Advice: I would advise that the author read. Read, read, read anything and everything you can. Find a style that you find beautiful and study it, digest it, then take it and mould it into something that's yours. Reading will always help enrich your vocabulary, understand imagery and how the balance of a composition works, how description are supposed to be done and what constitutes a proper narration. I also suggest that the author researches a bit of poetry. Whilst not apparently useful, poems carry a lot of vivid figures of speech and artistic images that could only help in your development as a writer.
The pacing is all over the place from the get-go. The composition is dissonant, to the point where none of the three, narration, description and dialogue can coexist peacefully. Info-dumping is very common, wherein the author inserts a concept and proceeds to have the narrator describe it in detail, thereby interrupting the flow of the action. I found myself lost in hundreds of words of explanation that broke down the plot too much for me to be able to understand it without rereading and having to skip over those passages. The dialogue sometimes goes on for too long, with minimal narration sprinkled in-between, making the characters seem very static in their acting and speech. Not only that, but the reactions are sometimes overexplained, wherein once a character speaks, the figurative camera pans across the room to show a plethora of reaction, pausing for too long.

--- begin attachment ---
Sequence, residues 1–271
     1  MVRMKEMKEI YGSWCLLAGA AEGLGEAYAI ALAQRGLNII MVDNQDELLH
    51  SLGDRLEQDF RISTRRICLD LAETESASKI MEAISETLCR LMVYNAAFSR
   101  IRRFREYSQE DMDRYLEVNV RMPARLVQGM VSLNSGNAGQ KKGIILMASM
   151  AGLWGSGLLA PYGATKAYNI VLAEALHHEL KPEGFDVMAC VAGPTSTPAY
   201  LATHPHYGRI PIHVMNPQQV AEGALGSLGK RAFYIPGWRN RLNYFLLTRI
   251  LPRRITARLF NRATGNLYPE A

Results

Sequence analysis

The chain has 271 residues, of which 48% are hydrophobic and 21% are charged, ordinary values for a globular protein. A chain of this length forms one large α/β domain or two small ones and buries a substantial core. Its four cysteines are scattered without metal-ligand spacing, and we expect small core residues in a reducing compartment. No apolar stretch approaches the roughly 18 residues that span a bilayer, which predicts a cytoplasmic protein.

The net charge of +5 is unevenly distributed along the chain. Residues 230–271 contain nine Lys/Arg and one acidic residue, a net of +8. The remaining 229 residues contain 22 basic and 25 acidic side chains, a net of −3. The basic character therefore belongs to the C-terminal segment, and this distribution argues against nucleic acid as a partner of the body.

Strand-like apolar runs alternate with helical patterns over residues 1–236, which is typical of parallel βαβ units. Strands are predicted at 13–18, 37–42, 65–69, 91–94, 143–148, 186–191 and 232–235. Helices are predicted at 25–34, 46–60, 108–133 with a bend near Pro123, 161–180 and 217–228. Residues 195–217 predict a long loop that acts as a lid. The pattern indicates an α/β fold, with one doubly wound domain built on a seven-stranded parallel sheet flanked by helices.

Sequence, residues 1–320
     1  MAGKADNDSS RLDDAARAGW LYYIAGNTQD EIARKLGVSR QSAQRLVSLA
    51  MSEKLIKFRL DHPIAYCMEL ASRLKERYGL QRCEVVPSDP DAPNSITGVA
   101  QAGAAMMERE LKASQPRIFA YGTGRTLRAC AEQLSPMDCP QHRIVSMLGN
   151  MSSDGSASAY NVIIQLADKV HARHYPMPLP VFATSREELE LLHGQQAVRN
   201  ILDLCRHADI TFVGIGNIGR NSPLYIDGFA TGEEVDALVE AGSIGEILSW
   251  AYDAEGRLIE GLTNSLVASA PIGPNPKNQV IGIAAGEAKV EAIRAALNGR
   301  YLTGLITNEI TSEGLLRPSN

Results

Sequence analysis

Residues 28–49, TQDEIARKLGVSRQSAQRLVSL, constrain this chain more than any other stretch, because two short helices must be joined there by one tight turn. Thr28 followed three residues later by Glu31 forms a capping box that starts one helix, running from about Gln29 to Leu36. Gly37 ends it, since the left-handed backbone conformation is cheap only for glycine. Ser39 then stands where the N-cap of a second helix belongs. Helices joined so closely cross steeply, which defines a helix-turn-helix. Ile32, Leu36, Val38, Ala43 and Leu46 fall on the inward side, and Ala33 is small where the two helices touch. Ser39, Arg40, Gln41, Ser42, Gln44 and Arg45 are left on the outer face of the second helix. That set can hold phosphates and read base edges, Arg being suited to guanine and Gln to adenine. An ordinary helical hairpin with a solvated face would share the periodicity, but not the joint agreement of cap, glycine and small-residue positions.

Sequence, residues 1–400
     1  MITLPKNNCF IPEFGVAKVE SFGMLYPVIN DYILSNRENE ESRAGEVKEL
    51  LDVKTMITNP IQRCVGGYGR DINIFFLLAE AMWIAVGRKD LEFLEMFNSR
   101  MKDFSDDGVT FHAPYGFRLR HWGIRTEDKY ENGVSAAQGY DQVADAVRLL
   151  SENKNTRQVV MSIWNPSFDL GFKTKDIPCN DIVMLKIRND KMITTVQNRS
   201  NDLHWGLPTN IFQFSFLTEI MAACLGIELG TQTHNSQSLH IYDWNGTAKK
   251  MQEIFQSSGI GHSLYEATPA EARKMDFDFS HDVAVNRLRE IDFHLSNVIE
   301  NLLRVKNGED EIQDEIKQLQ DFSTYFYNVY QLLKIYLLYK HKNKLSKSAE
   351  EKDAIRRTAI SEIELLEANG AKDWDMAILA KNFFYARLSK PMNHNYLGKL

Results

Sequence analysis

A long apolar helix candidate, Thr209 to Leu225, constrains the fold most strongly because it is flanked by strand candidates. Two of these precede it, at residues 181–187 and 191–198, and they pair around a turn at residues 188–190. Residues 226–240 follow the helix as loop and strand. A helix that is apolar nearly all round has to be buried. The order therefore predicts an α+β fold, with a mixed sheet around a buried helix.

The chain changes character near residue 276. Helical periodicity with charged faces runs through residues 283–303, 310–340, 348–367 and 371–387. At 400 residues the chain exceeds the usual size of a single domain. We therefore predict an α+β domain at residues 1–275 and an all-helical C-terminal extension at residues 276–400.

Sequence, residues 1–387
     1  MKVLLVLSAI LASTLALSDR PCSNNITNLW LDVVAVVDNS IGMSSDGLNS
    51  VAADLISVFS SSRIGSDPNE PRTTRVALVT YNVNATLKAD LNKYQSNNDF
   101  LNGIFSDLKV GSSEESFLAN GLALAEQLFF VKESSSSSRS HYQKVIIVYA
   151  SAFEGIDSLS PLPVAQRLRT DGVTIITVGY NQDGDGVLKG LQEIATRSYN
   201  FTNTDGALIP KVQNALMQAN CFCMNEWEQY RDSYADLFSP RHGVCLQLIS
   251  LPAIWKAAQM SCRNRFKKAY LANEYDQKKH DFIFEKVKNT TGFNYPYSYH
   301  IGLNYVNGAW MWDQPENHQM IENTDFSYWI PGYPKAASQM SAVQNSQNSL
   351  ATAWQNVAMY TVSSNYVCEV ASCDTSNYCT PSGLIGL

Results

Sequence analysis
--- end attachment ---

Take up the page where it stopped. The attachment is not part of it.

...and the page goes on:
However, a positive is that the events portrayed show a great amount of creativity and thought put into them. The story, apart from the pacing issue mentioned above, has a surprisingly good progression, with interesting events that could really keep a reader seated for long periods of time without complaint. I'd like to see that creativity put to better effect.
Advice: Please refrain from info-dumps. Although this feedback might be more suited to the style part, I advise the author to find more organic ways of explaining their concepts, not necessarily explicitly. Examples include, but aren't limited to: having characters discuss them, mentioning them in passing, create a small scene/paragraph where said concept is used or seen (but not explained). Try to balance the three rhetorical modes so as not to have too much of any or too little. Break long dialogues with narration, scenic movement or action tags, and describe only when the need arises (i.e. for establishing shots, setting the scene, introducing of characters, places, new objects). When the aforementioned scenarios do arise, refrain from static descriptions, they slow the story to a halt.